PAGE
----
Development of Novel Methods for QSAR Modeling by Machine Learning Repeatedly: A Case Study on Drug Distribution to Each Tissue

04 April 2024, Version 2
This content is a preprint and has not undergone peer review at the time of posting.


AI is expected to help identify excellent candidates in drug discovery. However, we face a lack of data as it is time consuming and expensive to acquire raw data perfectly for many compounds. Hence, we tried to develop a novel QSAR method to predict a parameter more precisely from an incomplete dataset via optimizing data handling by making use of predicted explanatory variables. As a case study we focused on the tissue-to-plasma partition coefficient (Kp), which is an important parameter for understanding drug distribution in tissues and building the physiologically based pharmacokinetic (PBPK) model, is a representative of small and sparse datasets. In this study, we predicted the Kp values of 119 compounds in nine tissues (adipose, brain, gut, heart, kidney, liver, lung, muscle, and skin), while some of these were not available. To fill the missing values in Kp for each tissue, firstly we predicted those Kp values by the non-missing dataset using a random forest (RF) model with in vitro parameters (log P, fu, Drug Class, and fi) like a classical prediction by a QSAR model. Next, to predict the tissue-specific Kp values in a test dataset, we constructed a second RF model with not only in vitro parameters but also the Kp values of other tissues (i.e. other than target tissues) predicted by the first RF model as explanatory variables. Furthermore, we tested all possible combinations of explanatory variables and selected the model with the highest predictability from the test dataset as the final model. The evaluation of Kp prediction accuracy based on the root-mean-square error and R2-value revealed that the proposed models outperformed other machine learning methods, such as the conventional RF and message-passing neural networks. Significant improvements were observed in the Kp values of adipose tissue, brain, kidney, liver, and skin. These improvements indicated that the Kp information of other tissues can be used to predict the same for a specific tissue. Additionally, we found a novel relationship between each tissue by evaluating all combinations of explanatory variables. In conclusion, we developed a novel RF model to predict Kp values. We hope that this method will be applied to various problems in the field of experimental biology which often contains missing values in the near future.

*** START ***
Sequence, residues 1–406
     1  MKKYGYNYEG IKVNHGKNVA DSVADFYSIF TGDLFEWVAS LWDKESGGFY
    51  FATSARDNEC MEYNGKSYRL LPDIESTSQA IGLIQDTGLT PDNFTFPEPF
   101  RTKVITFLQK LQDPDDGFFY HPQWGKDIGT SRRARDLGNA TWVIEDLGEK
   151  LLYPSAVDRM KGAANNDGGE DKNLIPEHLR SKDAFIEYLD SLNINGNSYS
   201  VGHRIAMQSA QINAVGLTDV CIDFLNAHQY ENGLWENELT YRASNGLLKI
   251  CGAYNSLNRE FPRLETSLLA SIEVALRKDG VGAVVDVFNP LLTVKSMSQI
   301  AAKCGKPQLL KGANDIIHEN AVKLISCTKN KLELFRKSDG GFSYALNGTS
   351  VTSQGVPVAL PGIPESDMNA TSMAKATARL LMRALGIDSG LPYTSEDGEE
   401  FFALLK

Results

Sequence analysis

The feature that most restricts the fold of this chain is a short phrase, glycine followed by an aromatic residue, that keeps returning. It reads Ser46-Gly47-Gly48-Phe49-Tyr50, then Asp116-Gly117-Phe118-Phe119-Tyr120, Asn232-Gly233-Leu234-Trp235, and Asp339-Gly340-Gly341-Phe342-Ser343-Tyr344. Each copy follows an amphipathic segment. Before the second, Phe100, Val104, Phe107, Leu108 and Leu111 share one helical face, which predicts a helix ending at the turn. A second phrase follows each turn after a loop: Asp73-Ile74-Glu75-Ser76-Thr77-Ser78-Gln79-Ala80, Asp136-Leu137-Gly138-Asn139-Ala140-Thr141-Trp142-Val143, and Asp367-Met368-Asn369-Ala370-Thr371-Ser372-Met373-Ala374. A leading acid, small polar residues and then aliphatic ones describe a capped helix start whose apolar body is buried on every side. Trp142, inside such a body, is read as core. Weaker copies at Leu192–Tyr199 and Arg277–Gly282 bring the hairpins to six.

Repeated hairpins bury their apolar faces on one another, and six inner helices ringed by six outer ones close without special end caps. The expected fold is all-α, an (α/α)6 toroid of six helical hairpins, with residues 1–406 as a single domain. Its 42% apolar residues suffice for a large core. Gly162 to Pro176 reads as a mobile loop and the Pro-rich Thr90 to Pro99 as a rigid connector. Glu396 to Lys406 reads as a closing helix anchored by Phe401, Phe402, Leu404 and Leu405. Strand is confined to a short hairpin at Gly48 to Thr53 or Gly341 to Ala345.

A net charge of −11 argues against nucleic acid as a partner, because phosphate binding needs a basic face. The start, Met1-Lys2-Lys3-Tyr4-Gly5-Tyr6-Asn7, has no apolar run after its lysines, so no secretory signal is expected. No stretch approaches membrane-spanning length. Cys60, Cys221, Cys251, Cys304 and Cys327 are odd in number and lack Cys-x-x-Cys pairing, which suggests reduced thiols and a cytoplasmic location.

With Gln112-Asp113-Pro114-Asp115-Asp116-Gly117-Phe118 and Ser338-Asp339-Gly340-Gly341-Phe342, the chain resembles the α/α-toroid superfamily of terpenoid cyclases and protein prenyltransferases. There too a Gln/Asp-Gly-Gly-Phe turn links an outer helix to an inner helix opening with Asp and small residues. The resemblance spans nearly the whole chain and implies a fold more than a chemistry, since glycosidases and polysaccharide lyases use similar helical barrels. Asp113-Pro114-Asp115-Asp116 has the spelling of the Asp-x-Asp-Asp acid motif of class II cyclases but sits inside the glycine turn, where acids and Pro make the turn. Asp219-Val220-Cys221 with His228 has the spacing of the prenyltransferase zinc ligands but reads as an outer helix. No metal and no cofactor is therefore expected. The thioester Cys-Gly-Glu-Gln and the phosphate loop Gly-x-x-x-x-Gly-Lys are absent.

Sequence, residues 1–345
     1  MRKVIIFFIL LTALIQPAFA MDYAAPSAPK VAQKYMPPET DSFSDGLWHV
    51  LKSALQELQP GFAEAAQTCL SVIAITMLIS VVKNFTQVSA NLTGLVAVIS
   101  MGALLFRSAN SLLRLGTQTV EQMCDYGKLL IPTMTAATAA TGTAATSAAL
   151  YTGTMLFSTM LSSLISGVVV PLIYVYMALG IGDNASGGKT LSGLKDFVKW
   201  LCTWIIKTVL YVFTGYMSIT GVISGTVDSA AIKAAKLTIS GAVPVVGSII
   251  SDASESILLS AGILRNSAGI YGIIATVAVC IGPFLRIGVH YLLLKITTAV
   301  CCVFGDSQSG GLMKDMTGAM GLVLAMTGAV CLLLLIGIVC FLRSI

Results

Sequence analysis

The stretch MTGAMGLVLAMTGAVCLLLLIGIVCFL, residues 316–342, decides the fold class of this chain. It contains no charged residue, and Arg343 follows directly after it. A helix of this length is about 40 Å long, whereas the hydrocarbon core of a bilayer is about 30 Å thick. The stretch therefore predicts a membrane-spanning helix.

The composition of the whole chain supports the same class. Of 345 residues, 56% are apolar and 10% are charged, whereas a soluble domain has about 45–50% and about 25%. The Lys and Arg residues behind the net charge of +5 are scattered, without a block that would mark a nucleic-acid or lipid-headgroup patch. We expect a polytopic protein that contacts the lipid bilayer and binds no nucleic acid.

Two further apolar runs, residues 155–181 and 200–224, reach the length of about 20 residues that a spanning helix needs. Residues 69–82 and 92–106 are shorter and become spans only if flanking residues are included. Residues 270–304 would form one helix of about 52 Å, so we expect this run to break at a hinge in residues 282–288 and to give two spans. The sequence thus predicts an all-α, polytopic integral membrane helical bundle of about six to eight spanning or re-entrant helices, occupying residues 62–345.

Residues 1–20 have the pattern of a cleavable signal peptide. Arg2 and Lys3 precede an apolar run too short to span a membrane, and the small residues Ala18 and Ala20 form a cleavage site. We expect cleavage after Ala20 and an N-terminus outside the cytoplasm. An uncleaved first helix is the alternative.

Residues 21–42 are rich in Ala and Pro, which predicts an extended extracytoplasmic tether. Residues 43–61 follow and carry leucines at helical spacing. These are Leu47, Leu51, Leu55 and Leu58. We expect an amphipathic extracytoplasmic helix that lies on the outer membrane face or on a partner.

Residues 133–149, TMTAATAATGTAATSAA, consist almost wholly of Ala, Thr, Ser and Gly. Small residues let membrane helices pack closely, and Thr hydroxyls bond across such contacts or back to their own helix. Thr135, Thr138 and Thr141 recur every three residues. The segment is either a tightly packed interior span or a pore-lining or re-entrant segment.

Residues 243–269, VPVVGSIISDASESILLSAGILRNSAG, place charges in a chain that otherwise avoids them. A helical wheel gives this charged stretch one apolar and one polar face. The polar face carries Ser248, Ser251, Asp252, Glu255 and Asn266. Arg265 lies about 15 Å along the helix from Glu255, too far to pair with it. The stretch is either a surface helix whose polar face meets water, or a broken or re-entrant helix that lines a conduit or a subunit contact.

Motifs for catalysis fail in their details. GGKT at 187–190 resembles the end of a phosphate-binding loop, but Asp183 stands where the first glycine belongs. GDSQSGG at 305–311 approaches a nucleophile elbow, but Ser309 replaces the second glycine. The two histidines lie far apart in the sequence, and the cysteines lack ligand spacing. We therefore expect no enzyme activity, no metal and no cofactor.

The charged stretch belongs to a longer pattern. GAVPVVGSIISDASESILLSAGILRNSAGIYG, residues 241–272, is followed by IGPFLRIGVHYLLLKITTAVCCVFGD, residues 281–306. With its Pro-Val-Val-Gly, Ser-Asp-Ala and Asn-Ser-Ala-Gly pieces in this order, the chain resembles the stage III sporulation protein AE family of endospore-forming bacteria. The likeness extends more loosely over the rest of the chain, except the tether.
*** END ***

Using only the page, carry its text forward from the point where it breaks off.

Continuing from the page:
machine learning
tissue-to-plasma partition coefficient
random forest
message passing neural network
missing values
classification of tissues

Supplementary materials

Supporting Information
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